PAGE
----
Cambridge Companion to the City in Literature out in October

Thrilling! The Cambridge Companion to the City in Literature is out in October. Can’t wait to get my hands on the volume.

9781107609150

And hard to believe – since the book can not be bought yet, only pre-ordered – it is already on GoogleBooks?!

With articles on “The city in the Literature of Antiquity”, a contribution by Bart Keunen and Luc de Droogh on “The Socioeconomic Outsider”, texts on the Urban Sublime, the City of Modernism, Urban Dystopias, Urban Pastoral, and much, much more.

Favourite quote (so far):

What is a city? The question is foundational in a double sense: it is a question about the origins of social and political life, and it is also a question that haunts the very beginnings of the western tradition of thinking about the nature and goals of collective life.” (Balasopoulos 2014: 17)

The city, the literature it has spawned, and the thinking on the human condition and its social and political underpinnigs, have been firmly entwined since time immemorial, as this volume once more illustrates. Which brings me back to what I wrote in this book:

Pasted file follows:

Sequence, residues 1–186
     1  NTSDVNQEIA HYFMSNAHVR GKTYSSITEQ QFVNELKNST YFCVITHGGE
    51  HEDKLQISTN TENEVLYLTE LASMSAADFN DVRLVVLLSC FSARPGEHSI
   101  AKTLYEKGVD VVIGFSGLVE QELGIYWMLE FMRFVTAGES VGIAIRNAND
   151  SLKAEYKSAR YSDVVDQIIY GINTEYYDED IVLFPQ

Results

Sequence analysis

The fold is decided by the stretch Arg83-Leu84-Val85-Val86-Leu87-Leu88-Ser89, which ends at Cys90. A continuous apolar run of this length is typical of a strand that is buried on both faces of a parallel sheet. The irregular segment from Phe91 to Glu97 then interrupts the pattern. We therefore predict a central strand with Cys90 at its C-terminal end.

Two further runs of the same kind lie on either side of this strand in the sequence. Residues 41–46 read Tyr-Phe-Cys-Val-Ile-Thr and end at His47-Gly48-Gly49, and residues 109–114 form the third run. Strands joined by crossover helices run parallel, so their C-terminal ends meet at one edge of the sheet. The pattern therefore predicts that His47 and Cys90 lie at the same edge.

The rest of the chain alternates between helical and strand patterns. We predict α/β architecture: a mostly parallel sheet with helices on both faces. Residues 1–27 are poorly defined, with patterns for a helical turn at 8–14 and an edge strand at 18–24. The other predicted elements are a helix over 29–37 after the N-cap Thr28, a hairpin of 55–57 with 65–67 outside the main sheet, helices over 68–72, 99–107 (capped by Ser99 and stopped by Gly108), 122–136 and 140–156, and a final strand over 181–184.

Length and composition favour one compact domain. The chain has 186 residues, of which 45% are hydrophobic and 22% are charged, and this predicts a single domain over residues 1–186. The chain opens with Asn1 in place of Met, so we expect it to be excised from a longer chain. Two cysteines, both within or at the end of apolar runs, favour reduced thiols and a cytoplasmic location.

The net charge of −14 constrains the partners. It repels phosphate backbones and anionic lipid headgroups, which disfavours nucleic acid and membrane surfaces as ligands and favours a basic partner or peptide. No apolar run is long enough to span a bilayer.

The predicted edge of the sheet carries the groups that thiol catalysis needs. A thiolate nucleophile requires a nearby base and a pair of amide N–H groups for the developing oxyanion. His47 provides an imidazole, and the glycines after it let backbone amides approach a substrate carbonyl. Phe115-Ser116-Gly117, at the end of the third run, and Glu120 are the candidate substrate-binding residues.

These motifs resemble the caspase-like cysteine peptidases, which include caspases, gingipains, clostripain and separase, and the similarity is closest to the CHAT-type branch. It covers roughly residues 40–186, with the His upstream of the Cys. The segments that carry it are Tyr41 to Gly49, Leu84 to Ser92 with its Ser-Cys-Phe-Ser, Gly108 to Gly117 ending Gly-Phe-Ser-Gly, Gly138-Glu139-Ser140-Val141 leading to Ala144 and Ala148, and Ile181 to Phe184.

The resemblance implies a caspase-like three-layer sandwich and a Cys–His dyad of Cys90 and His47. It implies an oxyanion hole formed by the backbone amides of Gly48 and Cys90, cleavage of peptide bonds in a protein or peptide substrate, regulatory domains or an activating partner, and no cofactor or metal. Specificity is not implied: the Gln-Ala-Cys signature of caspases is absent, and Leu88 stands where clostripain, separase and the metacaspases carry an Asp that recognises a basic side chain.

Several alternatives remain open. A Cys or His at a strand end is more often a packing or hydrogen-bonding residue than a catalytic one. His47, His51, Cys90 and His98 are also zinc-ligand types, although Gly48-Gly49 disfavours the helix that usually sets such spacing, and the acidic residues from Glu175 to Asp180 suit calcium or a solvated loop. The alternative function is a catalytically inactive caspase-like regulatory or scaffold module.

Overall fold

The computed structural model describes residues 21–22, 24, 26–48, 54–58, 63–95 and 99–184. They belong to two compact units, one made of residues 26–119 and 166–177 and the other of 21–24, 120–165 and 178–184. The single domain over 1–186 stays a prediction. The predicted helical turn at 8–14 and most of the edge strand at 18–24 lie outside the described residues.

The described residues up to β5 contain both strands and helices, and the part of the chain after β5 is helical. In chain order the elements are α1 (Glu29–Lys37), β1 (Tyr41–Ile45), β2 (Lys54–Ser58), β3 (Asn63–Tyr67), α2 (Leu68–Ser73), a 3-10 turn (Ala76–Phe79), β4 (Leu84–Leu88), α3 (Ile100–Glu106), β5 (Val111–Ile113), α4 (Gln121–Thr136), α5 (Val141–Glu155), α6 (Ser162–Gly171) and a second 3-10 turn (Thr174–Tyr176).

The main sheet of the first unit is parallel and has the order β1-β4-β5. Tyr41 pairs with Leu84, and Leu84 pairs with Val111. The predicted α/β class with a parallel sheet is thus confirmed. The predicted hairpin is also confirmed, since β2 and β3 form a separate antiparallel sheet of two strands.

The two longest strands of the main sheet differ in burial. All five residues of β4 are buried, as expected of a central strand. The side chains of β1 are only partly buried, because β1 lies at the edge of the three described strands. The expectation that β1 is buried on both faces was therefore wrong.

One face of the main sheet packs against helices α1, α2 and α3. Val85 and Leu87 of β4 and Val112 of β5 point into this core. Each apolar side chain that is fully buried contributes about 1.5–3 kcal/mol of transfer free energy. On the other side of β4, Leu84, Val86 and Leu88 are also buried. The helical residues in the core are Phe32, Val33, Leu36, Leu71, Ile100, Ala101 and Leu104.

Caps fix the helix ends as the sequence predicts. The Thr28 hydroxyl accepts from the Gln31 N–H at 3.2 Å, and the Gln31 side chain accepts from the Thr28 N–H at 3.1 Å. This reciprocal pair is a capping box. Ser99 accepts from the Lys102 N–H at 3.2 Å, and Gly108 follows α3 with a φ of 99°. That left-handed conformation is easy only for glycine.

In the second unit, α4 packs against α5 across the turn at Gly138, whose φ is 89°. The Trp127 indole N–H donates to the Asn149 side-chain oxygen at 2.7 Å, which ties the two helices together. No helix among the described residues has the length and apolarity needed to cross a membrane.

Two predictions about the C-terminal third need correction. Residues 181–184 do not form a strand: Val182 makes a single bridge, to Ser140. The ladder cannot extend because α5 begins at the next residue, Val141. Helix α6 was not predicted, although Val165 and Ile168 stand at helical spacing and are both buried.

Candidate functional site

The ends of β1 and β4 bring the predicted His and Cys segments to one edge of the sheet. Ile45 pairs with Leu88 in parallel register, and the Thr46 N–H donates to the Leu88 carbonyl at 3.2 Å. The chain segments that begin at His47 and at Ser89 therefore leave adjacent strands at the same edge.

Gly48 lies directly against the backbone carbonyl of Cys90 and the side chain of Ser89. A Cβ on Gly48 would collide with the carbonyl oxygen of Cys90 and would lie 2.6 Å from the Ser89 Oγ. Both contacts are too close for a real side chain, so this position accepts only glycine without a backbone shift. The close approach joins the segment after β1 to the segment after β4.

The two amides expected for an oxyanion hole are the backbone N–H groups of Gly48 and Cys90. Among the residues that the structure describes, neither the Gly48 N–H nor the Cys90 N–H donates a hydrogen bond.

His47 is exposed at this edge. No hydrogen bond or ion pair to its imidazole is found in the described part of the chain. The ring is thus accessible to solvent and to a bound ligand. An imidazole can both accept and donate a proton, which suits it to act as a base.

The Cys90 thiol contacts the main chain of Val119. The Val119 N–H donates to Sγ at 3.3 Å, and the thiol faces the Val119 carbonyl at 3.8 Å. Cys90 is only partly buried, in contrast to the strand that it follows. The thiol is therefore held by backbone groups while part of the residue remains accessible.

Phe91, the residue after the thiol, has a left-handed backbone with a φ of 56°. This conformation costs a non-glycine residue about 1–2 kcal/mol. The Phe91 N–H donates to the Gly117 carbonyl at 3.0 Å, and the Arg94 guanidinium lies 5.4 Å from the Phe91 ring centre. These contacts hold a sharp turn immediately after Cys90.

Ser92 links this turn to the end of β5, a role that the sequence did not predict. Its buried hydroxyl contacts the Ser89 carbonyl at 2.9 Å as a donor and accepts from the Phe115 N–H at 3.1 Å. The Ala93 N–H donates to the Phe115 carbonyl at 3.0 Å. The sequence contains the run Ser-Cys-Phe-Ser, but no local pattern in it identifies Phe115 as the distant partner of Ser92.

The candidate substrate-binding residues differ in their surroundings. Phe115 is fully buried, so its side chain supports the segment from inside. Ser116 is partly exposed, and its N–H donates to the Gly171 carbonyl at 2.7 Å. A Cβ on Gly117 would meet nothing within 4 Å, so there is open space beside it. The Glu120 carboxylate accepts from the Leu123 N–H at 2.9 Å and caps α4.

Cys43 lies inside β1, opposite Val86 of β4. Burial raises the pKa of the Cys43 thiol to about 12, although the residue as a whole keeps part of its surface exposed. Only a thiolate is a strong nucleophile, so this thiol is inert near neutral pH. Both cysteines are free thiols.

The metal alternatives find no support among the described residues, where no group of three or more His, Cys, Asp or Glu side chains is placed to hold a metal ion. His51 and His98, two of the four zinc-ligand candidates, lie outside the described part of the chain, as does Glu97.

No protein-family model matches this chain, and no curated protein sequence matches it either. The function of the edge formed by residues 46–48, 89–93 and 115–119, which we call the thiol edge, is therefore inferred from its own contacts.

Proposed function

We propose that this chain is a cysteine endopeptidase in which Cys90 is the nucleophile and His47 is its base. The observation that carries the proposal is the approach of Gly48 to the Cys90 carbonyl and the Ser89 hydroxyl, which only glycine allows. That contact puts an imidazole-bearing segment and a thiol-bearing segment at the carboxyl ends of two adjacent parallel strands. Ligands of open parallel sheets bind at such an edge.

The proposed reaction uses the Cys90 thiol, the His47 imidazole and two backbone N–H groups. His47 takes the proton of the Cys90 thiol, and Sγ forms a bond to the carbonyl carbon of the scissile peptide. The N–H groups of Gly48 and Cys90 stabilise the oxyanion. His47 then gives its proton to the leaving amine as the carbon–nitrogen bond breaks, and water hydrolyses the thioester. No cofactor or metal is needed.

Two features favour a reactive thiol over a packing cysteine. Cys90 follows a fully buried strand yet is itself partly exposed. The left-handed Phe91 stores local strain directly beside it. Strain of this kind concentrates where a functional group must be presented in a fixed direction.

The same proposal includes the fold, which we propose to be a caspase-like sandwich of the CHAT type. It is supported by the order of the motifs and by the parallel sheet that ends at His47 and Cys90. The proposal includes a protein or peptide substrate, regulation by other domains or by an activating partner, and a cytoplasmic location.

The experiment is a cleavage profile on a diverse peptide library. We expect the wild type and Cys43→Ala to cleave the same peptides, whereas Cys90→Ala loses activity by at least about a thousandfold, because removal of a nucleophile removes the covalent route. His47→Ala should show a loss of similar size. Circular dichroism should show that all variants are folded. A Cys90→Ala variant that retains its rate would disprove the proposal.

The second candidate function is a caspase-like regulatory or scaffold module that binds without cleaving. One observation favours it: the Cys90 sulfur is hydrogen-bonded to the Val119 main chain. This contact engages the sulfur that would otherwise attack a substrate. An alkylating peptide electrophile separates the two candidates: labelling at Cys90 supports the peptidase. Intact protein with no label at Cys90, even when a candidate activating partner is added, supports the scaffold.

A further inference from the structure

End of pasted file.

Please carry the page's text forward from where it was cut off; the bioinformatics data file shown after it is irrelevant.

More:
“Within Western history, the city has been a potent image for as long as written literature has existed. From the very first preserved texts, one can find city images in all their ambiguous complexity: as nodes of creative and destructive energy, as beacons of utopian possibility and of moral warning. As Burton Pike points out, “[w]e unthinkingly consider this phenomenon modern, but it goes back to early epic and mythic thought. We cannot imagine Gilgamesh, the Bible, the Iliad, or the Aeneid, without their cities, which contain so much of their energy and radiate so much of their meaning” (Pike 1981: 3). In the forms of the metropolis and the capital, in particular, the city has become a powerful artefact of the human cultural imagination, endowed with complex powers of representation, and evoking a plethora of images. In the history of the novel, cities have played a particularly crucial role (Bradbury 1976/1986: 99), and the development of literary movements such as realism, naturalism, symbolism and modernism is intimately intertwined with the history of the cities that helped shape them (see Bradbury 1976/1986; Williams 1985; Wilson 1995: 153; Hirsh 2004; Brooks 2005: 131).” (Ameel 2013: 35 / Ameel 2014: 17)

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